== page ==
f. Integration process to achieve FCD model

Integration of VD and SSI means transformation for forest canopy density value. Both parameter has dimension and has percentage scale unit of density. It is possible to synthesize both indices safely by means of corresponding scale and unit of each

FCD=(VD+SSI+1) 1/2-1

5.Result and Comments

The accuracy of methodology is checked in field test. The case of Sumatra Indonesia, The correlation coefficient value between FCD model and field check shows 0.922. It indicates very high correlation and results means high accuracy.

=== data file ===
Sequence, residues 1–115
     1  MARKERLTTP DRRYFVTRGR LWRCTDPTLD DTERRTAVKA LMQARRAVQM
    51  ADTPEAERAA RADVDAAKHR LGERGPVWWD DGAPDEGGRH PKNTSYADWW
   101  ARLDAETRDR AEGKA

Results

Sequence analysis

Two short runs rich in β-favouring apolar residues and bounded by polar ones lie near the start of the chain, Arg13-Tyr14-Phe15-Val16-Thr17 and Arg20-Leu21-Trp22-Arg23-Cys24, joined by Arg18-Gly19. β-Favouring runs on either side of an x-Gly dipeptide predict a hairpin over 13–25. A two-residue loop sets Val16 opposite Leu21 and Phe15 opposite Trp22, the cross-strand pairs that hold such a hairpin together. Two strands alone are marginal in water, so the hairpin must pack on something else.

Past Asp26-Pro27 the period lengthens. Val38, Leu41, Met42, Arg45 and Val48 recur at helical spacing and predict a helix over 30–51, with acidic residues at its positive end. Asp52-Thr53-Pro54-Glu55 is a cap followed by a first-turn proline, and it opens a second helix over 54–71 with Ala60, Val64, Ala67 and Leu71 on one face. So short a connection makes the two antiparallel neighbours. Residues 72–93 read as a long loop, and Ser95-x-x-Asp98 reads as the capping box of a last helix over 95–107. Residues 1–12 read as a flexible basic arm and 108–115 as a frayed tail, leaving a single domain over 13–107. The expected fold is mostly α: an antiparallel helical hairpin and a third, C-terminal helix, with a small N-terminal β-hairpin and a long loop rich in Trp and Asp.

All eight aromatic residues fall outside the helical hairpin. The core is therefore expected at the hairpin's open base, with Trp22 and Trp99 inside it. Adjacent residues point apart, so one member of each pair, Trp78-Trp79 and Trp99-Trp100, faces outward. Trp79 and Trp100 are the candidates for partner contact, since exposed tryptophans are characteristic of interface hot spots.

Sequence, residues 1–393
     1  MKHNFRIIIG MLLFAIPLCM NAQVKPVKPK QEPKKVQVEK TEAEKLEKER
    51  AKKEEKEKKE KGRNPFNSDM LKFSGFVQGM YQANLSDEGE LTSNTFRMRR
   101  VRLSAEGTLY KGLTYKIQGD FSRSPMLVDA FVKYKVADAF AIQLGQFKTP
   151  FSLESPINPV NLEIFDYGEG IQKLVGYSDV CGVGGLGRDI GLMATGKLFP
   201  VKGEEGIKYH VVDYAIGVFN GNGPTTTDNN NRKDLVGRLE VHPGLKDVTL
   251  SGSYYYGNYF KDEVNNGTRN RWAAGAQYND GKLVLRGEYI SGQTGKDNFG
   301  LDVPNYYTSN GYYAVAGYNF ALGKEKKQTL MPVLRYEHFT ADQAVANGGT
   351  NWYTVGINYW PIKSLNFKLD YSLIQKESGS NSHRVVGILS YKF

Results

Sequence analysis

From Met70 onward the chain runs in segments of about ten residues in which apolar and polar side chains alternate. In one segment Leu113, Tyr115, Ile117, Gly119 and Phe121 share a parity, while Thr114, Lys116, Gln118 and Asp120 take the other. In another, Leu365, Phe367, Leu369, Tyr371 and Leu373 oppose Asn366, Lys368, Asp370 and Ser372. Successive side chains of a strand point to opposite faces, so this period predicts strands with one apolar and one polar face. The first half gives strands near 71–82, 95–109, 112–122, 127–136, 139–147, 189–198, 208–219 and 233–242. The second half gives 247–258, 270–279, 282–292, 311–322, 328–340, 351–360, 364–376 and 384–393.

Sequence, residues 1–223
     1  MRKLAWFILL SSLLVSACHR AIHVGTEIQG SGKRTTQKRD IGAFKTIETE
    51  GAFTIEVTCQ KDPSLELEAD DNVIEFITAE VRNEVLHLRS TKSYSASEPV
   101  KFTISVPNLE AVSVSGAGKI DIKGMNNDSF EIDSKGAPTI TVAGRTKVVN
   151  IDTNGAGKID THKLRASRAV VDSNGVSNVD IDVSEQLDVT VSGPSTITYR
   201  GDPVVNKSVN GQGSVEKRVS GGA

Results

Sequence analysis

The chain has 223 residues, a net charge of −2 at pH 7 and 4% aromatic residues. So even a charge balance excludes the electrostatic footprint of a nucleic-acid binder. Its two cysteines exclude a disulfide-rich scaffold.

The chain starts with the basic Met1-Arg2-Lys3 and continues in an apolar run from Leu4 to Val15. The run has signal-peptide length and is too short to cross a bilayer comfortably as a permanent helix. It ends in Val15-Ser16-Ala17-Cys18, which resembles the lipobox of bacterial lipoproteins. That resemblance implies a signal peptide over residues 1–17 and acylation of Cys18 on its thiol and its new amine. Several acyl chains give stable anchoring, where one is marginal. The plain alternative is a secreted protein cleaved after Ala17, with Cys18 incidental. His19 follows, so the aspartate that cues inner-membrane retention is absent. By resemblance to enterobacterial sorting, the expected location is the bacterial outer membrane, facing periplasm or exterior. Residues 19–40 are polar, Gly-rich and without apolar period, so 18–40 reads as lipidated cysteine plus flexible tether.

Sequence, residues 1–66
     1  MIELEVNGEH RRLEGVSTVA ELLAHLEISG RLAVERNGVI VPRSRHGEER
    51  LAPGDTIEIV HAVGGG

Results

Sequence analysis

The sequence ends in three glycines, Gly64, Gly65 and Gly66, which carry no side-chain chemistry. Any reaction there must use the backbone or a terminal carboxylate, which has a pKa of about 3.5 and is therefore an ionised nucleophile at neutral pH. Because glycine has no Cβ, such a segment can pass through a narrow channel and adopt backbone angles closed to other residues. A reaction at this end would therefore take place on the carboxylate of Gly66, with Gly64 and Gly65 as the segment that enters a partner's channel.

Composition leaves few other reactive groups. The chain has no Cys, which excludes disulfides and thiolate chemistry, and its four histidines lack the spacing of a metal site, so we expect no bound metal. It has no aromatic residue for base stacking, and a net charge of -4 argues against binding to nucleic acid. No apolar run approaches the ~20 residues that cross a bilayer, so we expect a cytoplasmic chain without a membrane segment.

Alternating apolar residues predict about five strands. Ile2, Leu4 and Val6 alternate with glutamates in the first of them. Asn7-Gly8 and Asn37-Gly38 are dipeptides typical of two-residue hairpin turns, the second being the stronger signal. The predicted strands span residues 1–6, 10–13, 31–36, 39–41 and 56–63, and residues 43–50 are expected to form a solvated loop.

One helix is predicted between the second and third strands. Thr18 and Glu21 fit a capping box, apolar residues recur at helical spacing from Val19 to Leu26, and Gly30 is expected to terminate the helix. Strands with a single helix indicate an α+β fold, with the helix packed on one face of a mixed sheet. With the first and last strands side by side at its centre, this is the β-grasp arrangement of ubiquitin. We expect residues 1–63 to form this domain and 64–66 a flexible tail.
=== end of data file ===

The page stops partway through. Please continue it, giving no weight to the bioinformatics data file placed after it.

FCD model is very useful for monitoring and management for the future with less ground truth survey.


This work was carried out with the project of International Tropical Timber Organization (ITTO). The authors would like to express gratitude to Dr. Surachai NRCT Thailand Agung Ministry of Foresty Indonesia, Dr. P.S.Roy IIRS India, Dr.Virgilio F.Basa Philippines, Mr. K.B. Chitrakar Institute of Foresty Nepal, Mr. Patric C.Dugan and all of counterpart persons for their ITTO project support.